Cases for Affective Disorders

Mood Disorders
Review of: The American Psychiatric Publishing Textbook of Mood Disorders.
(2006  Dan J. Stein, David J. Kupfer, Alan F. Schatzberg, Ronald Friedman )

Disorders of mood, what we once termed affective disorders, have become the centerpiece of psychiatry and clinical psychology. This is due in large measure to the predominance of these disorders, primarily depression in its many forms, but also reflects the rapid advances in scientific understanding and diagnosis of the conditions as well as in biological and psychological treatment. Depression is the second most disabling of all medical disorders worldwide, exceeded only by heart disease in the United States (Murray & Lopez, 1996). Mood disorders are the most common presenting complaint in mental health practices and represent a significant number of the visits adults make to medical practitioners of all types.

A number of excellent and comprehensive psychiatry texts have addressed the diagnosis and treatment of mood disorders over the past few years. Among the best known and most commonly referenced are Kaplan & Sadock’s Comprehensive Textbook of Psychiatry (Sadock & Sadock, 2000) and The American Psychiatric Publishing Textbook of Clinical Psychiatry, edited by Hales and Yudofsky (2002). Neither of these volumes, however, is devoted exclusively to mood disorders, and their treatment of depression and bipolar disorder is necessarily limited. Until now, there had been no comprehensive text dealing with mood disorders that integrated basic research across the spectrum of mood disorders and offered clinical guidance based largely on empirical research. This need is well met by the publication of The American Psychiatric Publishing Textbook of Mood Disorders, edited by Dan J. Stein, David J. Kupfer, and Alan F. Schatzberg and published by American Psychiatric Publishing. This is an outstanding book, valuable as a desk reference for clinicians, psychologists, or psychiatrists as well as researchers interested in basic or clinical topics.

The book is divided into eight parts, each containing four to seven chapters, with a total of nearly 100 authors. This book is a thorough review of the current knowledge about mood disorders, with enough depth and breadth to satisfy anyone. Part 1, Symptomatology and Epidemiology, provides an excellent overview of the symptoms and incidence of mood disorders. The final chapter in this section, “Global Burden of Mood Disorders,” makes clear the immense social and financial toll taken by mood disorders.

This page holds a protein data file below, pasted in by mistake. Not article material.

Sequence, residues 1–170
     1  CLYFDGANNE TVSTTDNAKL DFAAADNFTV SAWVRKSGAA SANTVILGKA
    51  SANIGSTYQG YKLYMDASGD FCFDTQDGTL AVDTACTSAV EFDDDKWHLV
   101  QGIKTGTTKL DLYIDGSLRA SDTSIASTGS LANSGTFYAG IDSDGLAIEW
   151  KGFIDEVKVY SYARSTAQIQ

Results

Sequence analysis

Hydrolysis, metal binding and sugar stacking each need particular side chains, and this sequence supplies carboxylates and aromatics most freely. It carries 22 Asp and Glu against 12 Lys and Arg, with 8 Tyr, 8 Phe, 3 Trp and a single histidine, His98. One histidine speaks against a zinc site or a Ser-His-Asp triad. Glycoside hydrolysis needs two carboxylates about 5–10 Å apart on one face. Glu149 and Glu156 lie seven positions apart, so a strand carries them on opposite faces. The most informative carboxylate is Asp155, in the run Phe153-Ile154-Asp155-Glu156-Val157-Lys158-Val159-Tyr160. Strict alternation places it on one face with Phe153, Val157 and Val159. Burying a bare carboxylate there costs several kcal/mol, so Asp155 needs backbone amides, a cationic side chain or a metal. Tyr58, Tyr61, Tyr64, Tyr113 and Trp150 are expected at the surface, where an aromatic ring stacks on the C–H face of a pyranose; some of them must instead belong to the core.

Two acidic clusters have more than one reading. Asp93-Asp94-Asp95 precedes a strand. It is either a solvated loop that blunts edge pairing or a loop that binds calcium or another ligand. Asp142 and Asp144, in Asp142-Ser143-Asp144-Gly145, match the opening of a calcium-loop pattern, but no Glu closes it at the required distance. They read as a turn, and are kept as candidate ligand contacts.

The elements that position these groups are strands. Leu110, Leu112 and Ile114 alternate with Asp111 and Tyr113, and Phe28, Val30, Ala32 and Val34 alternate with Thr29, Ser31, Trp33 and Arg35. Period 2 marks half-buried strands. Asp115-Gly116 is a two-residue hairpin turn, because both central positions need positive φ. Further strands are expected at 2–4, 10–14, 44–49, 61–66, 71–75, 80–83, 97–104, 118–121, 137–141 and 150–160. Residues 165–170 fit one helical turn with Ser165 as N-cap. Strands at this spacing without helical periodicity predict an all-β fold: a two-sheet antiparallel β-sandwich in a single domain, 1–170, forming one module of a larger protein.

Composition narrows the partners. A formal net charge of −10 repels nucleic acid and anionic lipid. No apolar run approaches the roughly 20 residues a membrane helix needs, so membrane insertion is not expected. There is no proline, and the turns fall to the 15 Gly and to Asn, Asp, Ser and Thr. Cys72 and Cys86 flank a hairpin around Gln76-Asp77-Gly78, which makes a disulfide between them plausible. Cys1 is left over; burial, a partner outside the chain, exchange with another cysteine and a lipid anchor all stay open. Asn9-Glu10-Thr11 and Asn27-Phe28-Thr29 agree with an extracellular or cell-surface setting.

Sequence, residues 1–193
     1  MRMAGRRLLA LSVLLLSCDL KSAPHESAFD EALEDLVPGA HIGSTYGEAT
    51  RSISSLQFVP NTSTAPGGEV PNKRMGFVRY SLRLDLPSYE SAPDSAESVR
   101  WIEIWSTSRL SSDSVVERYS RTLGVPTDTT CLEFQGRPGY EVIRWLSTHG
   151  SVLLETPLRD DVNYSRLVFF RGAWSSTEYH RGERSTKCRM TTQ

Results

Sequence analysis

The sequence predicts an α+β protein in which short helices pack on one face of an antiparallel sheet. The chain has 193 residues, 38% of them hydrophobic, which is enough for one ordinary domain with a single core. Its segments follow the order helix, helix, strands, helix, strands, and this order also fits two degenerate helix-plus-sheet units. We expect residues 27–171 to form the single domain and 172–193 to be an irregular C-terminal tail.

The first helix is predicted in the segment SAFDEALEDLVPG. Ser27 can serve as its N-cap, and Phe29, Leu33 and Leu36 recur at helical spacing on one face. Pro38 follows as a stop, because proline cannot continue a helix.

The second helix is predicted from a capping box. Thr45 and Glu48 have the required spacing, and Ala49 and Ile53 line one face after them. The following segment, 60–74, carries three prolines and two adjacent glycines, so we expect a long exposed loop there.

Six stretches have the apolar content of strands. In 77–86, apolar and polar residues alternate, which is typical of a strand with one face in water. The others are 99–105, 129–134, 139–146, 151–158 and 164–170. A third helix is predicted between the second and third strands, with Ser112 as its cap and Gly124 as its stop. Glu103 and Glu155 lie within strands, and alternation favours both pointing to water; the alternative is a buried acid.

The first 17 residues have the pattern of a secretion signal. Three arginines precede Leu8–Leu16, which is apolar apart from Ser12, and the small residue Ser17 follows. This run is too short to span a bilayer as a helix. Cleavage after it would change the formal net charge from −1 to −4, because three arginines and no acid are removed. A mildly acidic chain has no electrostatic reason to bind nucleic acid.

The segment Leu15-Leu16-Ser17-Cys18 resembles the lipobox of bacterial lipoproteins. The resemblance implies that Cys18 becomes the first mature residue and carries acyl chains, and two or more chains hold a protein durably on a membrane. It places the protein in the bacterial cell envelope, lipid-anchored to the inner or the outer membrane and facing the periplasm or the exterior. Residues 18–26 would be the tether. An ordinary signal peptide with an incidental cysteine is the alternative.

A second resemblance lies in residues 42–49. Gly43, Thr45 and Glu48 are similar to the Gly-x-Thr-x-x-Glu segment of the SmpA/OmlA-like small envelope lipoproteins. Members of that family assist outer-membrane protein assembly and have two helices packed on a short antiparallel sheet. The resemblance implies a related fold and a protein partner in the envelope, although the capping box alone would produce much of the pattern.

Part 2, Pathogenesis of Mood Disorders, covers neurochemistry, psychoneuroendocrinology, cognitive processing models, and social perspectives, and concludes with a chapter on the evolutionary explanation for mood disorders. Although rigorous and often quite technical, the material in all chapters is presented in a way that makes it accessible to most psychologists and psychiatrists, no matter what their own clinical or research interests may be. Part 3, Investigating Mood Disorders, is, for the most part, an extension of the preceding section, although the chapters on anatomical pathology, molecular neurobiology, and brain imaging are more detailed and will be of interest primarily to specialists in these fields.

Part 4, Somatic Interventions for Mood Disorders, includes succinct but thorough reviews of new drugs as well as medications of long-standing use, such as tricyclic antidepressants. A chapter on antipsychotic medication used to treat mood disorders and another, “Targeting Peptide and Hormonal Systems,” offer information that psychologists often know little about. Neurological treatment is also addressed in chapters dealing with electroconvulsive therapy, transcranial magnetic stimulation, and vagus nerve stimulation.

Part 5, Psychotherapy of Mood Disorders, contains five chapters covering cognitive–behavioral therapy, interpersonal psychotherapy, and psychodynamic therapy. These chapters do an excellent job of integrating clinical research with an overview of the strategies of psychotherapy. This is not a how-to manual, but there is sufficient detail to understand these therapeutic approaches. A separate chapter discusses psychotherapy with depressed children. Odd enough, this section of the book seems the least useful. Research reviews put different modes of treatment into perspective, but this text is not intended for the novice, and, although this is a pretty good survey of psychotherapy for mood disorders, it is hard to image readers of the book taking much time with these chapters. In fact, this section, although interesting, seems more appropriate for an introductory volume than for this professional resource.